Preventative Cybersecurity Employee Measurements

Employees can be an organization’s biggest source of cyber risk. Stress the importance of employee risk to clients regarding the physical protection of devices (e.g. not leaving them unattended or in insecure areas including locked cars) is important. Present opportunities for clients to identify the types of malware employees may encounter and whom in the company they should notify if they discover malware on their devices. Using slogans like “think before you click” can help clients communicate better decisions for their employees.

Easy training tips include the following:

  • Be skeptical of any email, web page, or social media post that appears to be even remotely suspicious, makes an offer that is too good to be true, or contains strange information.
  • Ask questions. Michael Osterman recommends asking these questions when viewing emails:
  • Do you recognize the sender’s email address?
  • Do you recognize anyone else copied on the email?
  • Are others in the email seemingly from a random group of people or do their last names all begin with the same letter?
  • Is the domain in the email address spelled correctly or is it simply close to the actual URL (e.g., bankofamerica.com vs. bankofarnerica.com)?
  • Would you normally receive an email from this individual or organization?
  • Does the subject line make sense?
  • Is the email a “response” to an email you never sent (e.g., does it begin with “re:”)?
  • Does the email contain an attachment that does not make sense in the context of the email or sender?
  • Does the attachment end in “.exe,” “.zip,” or some other possibly dangerous attachment type?
  • Did you receive an email at an unusual time, such as 3 a.m. on a Sunday?
  • Is the sender asking you to keep the contents of this email or requests within it a secret?
  • Does the email contain spelling or grammatical errors?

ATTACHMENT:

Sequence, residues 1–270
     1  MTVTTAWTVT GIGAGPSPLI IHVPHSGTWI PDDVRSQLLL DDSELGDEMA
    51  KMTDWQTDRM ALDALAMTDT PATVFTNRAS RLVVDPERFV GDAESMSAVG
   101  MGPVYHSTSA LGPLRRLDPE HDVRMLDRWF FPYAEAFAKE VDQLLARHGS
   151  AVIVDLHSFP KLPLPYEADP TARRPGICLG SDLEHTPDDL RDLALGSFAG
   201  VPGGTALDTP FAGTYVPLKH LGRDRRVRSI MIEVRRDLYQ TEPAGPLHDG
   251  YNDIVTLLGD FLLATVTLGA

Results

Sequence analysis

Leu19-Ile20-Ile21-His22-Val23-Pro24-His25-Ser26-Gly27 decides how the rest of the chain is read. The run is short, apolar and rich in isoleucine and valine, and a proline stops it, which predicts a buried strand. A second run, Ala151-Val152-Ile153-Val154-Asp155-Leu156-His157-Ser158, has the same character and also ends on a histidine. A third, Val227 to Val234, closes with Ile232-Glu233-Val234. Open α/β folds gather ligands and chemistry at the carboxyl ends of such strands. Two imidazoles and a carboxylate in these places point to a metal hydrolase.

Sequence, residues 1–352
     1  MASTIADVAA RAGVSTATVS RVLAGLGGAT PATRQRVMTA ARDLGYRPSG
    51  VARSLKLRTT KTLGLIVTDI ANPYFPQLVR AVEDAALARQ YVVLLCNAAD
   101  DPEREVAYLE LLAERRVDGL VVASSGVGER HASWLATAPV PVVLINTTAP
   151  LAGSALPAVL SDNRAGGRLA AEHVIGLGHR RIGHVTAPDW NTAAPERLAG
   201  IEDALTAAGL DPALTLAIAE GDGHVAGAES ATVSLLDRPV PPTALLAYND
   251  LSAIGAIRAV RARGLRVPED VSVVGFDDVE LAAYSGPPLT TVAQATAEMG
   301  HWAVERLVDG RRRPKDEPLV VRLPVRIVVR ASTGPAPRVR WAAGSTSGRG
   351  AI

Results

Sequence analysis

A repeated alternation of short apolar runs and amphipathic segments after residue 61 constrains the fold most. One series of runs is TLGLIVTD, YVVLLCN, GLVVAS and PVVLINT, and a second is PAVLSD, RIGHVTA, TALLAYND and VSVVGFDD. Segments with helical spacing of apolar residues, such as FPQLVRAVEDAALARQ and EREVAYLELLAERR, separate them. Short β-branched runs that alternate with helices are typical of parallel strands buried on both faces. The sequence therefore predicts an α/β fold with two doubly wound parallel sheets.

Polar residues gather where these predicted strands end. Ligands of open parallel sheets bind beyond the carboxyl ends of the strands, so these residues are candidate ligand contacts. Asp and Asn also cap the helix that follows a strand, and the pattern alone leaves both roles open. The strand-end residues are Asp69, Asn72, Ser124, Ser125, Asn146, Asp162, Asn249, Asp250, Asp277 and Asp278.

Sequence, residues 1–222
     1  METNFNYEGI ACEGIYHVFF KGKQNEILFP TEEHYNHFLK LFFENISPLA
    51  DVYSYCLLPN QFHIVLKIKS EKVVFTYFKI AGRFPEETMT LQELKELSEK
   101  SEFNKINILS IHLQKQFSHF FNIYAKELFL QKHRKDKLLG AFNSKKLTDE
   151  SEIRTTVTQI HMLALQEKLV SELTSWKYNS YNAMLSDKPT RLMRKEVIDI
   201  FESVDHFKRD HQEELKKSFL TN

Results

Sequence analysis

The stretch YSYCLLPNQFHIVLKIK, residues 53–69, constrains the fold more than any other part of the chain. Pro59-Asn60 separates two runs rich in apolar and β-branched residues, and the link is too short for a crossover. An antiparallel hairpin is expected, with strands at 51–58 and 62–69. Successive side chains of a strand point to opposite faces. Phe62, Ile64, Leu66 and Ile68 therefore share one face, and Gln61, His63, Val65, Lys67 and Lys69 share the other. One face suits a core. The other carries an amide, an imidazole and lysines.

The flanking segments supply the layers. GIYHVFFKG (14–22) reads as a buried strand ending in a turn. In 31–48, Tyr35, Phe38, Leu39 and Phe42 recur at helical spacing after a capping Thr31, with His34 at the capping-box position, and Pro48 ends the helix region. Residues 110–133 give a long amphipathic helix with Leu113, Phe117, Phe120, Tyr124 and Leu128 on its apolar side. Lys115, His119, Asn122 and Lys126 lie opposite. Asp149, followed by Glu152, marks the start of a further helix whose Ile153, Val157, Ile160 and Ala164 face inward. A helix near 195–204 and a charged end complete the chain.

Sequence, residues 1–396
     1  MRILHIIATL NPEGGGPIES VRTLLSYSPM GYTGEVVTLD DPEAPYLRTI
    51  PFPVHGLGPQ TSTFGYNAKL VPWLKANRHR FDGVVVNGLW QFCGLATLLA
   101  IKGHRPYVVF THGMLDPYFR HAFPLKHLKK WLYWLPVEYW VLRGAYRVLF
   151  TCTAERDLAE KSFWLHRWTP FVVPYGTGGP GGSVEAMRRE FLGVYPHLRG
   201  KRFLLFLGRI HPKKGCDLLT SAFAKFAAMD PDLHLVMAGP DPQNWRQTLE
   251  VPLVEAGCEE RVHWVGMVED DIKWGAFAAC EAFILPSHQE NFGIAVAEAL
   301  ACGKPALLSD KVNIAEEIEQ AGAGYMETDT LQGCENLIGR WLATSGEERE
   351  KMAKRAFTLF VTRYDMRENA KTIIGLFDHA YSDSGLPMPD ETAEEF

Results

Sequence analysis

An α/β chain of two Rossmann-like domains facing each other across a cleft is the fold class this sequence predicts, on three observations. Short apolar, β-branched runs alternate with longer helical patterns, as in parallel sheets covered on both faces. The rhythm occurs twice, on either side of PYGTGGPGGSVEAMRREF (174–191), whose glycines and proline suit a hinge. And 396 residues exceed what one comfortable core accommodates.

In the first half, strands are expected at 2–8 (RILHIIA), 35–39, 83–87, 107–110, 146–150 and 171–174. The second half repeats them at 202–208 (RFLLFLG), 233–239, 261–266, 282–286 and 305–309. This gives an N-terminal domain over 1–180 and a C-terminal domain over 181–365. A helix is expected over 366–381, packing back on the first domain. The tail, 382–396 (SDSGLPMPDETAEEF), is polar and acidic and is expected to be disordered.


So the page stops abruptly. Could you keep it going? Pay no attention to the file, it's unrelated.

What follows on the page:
• Is there even a hint of extortion in the email, such as a request to look at compromising or embarrassing photos of you or someone else?
  • Review quarantined messages carefully before bringing them out of quarantine. Most anti-spam solutions capture phishing emails correctly.
  • Don’t click on a link in an email or open an attachment until you are certain it is valid.
  • Never use USB flash drives from unknown sources.
  • Set strong passwords. Change passwords regularly.
  • Use password protection on every electronic and mobile device.
  • Intentionally use wrong information for security questions.
  • Keep security software up to date on personal devices.

For mobile devices:

  • Disable auto usernames and passwords. This reduces the risk of having personal data accessed if the device is lost or stolen.
  • Know how to wipe your data if your device is lost or stolen.
  • Be careful when using public Wi-Fi networks, especially with insecure networks that do not require a password.
  • Use safe stores for downloading mobile applications.

For social media:

  • Don’t overshare personal information on social media.
  • Turn off location services.
  • Be careful clicking on links, liking, and sharing them.

How to Write a Risk Management Plan

Creating a risk management plan can be overwhelming for clients. Fortunately, there are four questions clients can ask themselves at each stage of the process:

  1. When and how does this impact me? If it’s a law or regulation, when does it go into effect? Is it an ongoing issue or something that can be addressed and then set aside with lower priority? What are the potential threats presented by the risk and how severe are they?
  2. What’s the best course of action? Is the solution going to be a simple change to operations or a more complicated approach? Where do changes need to be implemented — in handbook policy updates, procedural documentation, or new training programs?
  3. How do I communicate this to others? Who needs to know what, and how much information should be given across the scalar chain? What information is confidential? What information is only relevant to a handful of people (such as when an OSHA report is due) and what information is relevant to everyone (such as who needs sexual harassment training in your state)?
  4. What changes need to happen to get management to buy-in? Making a change may be easy. However, people may be resistant to these changes. If the change is accepted, then the implementation will be smooth and the risks will be lower. If there is resistance, clients will have a much more abrasive time implementing these changes.

Looking for an all-encompassing solution to help your clients? ThinkHR is your partner to guide you and your clients through every step of people risk management. Find out how ThinkHR’s suite of content, technology, and people solutions can help your clients anticipate, reduce, and mitigate risks: watch our video or check out our People Risk Management solution.  

Help your clients mitigate people-centric risks and see how we integrate into your process!